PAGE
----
Shenandoah Valley

Highland County Maple Festival

There’s a great annual festival in Highland County, the Maple Festival. We’ve tried to go the past couple years but something has always come up, so we were very excited that we were able to make time to go this year! It was a beautiful day for a drive since it has recently snowed but was finally warming up.

There are buckwheat pancakes, craftsmen, maple syrup, and tours everywhere in Highland county, so we started in Monterey, Virginia at the schools where they have two full gymnasiums of crafts and tasty treats. There were so many amazing products there from chocolates, aerial photos, jewelry, quilts, handmade wood products, and so much more! We got a few gifts, had delicious BBQ, and then headed out to see a sugar camp where they make the syrup.

This car is usually all blue.
This car is usually all blue. I think it might be crying.

We attempted to go to Duff’s Sugar Camp but was mysteriously closed on Sunday, so we kept going thinking that wasn’t it and we just had to go farther. Then we realized we could go back up this other road called Route 600. This was not the best road to drive in a Civic on a day when the snow was finally melting. Between the loose rocks, mud, single lanes, and hairpin turns, I’d say it was treacherous…and LONG at 11.7 miles. That was a terrifying adventure! But we survived and so did the car… it’s a good thing too since there’s no cell service to call AAA.

Once we got BACK on Route 250 (the main road where we should’ve stayed) we headed to Laurel Fork Sapsuckers to see how they did things. To get there we had to go up a long and fairly steep hill in mud with water literally flowing downhill through the tire tracks. We did not think the car would make it up the one lane trail. But by keeping constant speed and encountering a nice person going downhill getting out of our way, we made it to the top! The funny thing is, you either walked or took a 4-wheeler work horse down the other side of the steep hill in the snow and mud to get to the shack.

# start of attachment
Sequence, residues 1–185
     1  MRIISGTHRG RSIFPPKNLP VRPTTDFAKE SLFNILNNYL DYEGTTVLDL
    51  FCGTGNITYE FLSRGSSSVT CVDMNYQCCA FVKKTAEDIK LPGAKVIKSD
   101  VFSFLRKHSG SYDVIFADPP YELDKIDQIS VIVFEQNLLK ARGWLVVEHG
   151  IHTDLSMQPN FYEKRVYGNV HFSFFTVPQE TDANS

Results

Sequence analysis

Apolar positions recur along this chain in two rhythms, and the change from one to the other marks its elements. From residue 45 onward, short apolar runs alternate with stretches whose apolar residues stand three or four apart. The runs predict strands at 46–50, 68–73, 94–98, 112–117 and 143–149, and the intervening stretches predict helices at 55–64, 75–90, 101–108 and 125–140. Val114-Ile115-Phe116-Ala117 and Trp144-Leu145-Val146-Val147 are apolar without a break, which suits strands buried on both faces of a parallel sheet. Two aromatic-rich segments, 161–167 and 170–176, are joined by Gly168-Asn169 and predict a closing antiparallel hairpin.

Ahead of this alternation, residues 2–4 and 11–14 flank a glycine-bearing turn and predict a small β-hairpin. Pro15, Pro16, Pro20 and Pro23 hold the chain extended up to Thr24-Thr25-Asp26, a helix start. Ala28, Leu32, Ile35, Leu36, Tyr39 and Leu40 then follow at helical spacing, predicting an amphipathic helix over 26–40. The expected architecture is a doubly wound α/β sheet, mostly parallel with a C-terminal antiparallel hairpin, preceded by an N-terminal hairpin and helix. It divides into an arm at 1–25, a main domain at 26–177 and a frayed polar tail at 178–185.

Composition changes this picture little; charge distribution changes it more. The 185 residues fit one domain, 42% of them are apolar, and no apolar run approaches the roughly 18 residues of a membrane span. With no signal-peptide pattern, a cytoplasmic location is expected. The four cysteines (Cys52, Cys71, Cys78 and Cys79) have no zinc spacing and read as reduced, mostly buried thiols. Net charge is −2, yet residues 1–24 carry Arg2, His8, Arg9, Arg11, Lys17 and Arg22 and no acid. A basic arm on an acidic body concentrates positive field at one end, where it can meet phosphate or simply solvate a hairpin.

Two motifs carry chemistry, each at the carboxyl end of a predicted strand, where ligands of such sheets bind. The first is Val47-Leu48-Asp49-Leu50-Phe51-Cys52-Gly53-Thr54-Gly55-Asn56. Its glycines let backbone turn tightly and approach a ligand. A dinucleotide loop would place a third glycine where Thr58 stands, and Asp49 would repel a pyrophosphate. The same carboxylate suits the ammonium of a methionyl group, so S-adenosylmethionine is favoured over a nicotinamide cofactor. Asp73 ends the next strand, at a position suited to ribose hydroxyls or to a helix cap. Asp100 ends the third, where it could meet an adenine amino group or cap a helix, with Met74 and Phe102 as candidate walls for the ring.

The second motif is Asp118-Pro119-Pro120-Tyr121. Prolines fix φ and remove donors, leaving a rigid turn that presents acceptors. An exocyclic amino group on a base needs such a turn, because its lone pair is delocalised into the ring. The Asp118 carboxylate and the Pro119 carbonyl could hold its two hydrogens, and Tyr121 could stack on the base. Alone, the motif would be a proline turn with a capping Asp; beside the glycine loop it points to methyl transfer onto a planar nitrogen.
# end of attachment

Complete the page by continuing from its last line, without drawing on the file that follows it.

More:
Laurel Fork Sapsuckers
Laurel Fork Sapsuckers…ok, this part was flat, but not most of it!

They do some tubing on the maple trees that flows by gravity to a holding tank. Then they use 100 year old pans over fire to steam away the water leaving the wonderful maple syrup. There were great guys there telling us all about their hobby and they just love it so much that you can feel the pride! Unfortunately, they were sold out of every size of the syrup except the tiniest one at about 2 ounces. But we got that because we had to buy maple syrup!

After that trip we took some main roads, well main roads for Highland County (I love the country!). We attempted to visit Puffenbarger’s Sugar Orchard but it was crazy packed, so we kept driving to Rexrode’s Sugar Orchard and wandered around a bit. They do their syrup the same as the Laurel Fork Sapsuckers (doesn’t that sound like a kickball team name?!), so we had already had our private lesson.

This is how they evaporate all the water from the sap.
Laurel Fork Sapsuckers. This is how they evaporate all the water from the sap.

Once done, we headed back to Monterey’s main drag to see the other festival-type happenings and ran into a co-worker from the University I work at! She showed me her family’s stall of animal skins and BBQ rub, you have to love that. We did search around for a while to find some Grade B syrup which is the darkest, and really most condensed version of maple syrup and best in baking, but it’s made at the end of the season and it just wasn’t time yet.

It’s so beautiful in this area. It would be amazing to be able to (A) Afford a weekend home, and (B) Building a beautiful eco-friendly one in Highland County. People are so nice and welcoming, they just couldn’t wait to share their craft with you! Next March, check it out in you are in the area. You’ll love it! But bring a 4×4 vehicle if you plan on going to the outlining areas. Would’ve been perfect for the jeep!

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